Friday, 28 December 2012

Do bilingual children ever think in their minority language?

Recently I find myself often wondering what language Poppette (who is 26.5 months old) thinks in. I imagine it's mostly, if not entirely, in her majority language but I could be totally wrong and have no way of actually finding out.

Her language ability in both her languages is impressive and she often translates for the other parent if she's had a conversation with one of us and wants or needs to talk about the same thing with the other. She is also expressing an understanding of the fact that Papa speaks English and Mummy speaks French and usually, when faced with an object she hasn't come across before, she will ask us both what it is and will be both wanting and expecting to hear two different words.

I know that, when I am speaking French, I'm not translating from English in my head but I also know that, when I'm sat ruminating,  I do it in English. I think that's pretty standard for someone who learnt their languages consecutively rather than simultaneously. But....If you learn both languages at the same time which one do you think in? A bit of both perhaps?

I'd really like to hear from anyone out there with experience or knowledge on this topic and, if you have bilingual children, perhaps you could ask them and let me know what they say :D

Friday, 21 December 2012

The Things They Say......[ça ne] marche pas

Poppette (26 months) came out witrh a classic the other day ... she was happily drawing away with her coloured crayons when she picked up the white crayon and noticed that it didn't make a mark on her white paper. "Oh, [ça ne] marche pas" ([it] doesn't work) she declared. She thought the crayon was broken. I showed her that it worked on her black paper and she was happy.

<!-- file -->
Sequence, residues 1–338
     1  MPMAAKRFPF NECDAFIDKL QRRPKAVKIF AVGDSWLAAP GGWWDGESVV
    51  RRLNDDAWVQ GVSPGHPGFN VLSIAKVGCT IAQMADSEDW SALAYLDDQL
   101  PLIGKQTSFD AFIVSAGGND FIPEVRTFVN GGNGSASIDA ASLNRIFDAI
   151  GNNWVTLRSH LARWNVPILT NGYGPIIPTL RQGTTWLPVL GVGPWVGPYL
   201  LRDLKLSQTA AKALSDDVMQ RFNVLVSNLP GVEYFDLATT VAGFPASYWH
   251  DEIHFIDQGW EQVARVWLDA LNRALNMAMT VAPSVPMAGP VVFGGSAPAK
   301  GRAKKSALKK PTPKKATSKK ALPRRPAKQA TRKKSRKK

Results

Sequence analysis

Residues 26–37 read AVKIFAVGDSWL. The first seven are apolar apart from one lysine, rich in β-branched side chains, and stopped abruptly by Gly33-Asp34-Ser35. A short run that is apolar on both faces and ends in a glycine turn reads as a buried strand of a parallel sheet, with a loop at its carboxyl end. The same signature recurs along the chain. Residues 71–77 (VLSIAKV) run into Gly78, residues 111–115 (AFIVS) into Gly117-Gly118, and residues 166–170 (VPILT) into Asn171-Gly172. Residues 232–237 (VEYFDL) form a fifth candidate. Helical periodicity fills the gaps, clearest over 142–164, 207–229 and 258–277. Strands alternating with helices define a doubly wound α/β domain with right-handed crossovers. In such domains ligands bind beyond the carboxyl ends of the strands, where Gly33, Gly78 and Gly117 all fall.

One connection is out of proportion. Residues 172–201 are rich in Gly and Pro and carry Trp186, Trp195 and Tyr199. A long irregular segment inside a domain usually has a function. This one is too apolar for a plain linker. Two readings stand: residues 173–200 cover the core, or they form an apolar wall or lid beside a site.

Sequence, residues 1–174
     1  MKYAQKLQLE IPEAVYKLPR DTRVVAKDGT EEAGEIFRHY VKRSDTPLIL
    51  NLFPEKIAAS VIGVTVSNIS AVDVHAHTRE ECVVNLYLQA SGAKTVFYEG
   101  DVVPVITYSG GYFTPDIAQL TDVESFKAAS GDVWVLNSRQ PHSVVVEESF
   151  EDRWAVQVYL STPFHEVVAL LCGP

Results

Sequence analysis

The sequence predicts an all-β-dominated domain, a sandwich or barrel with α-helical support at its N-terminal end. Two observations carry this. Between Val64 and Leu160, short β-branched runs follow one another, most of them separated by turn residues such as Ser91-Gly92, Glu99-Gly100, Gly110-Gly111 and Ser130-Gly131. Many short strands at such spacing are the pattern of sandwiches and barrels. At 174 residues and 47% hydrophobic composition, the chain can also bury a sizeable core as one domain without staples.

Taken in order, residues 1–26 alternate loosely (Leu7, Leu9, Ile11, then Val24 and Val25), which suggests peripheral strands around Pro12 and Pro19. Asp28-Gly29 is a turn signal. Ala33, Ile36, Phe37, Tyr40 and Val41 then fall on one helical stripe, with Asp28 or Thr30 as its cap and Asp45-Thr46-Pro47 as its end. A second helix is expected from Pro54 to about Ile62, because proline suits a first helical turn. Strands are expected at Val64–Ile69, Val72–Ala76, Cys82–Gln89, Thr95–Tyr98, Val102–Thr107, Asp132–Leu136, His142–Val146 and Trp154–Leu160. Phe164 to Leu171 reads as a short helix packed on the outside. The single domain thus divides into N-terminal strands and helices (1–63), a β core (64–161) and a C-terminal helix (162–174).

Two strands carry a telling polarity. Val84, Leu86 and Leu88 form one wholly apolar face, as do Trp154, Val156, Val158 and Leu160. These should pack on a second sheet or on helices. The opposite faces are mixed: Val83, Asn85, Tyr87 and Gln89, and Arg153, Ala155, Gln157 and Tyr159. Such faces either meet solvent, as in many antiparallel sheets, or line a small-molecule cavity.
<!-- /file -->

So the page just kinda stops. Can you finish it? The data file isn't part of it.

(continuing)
The next morning she was, once again, busy drawing, this time on her black paper. She picked up her black crayon and tried to draw. "Oh, [ça ne] marche pas" she declared again.

Toooo cute :D

Thursday, 20 December 2012

Books Books Books

As I have mentioned before, Poppette is a real book lover.

She has a pile on the table by her night chair, ready for her bedtime stories.

She sleeps with her favourites lined up in bed with her (usually around nine or ten at a time).

She has two bookshelves in our dining room crammed with books and never puts the wrong book back on the wrong shelf (she must get this from look at his CD collection and you would understand what I'm talking about).

So... I thought I would start to share the different books that are proving a hit in our house. I know that, in the beginning, before Poppette started to express a preference for books, we spent fortunes on books that, in hindsight, were not worth the money. Hopefully, by sharing those that have been a big hit, I can help save you some pennies and some time :D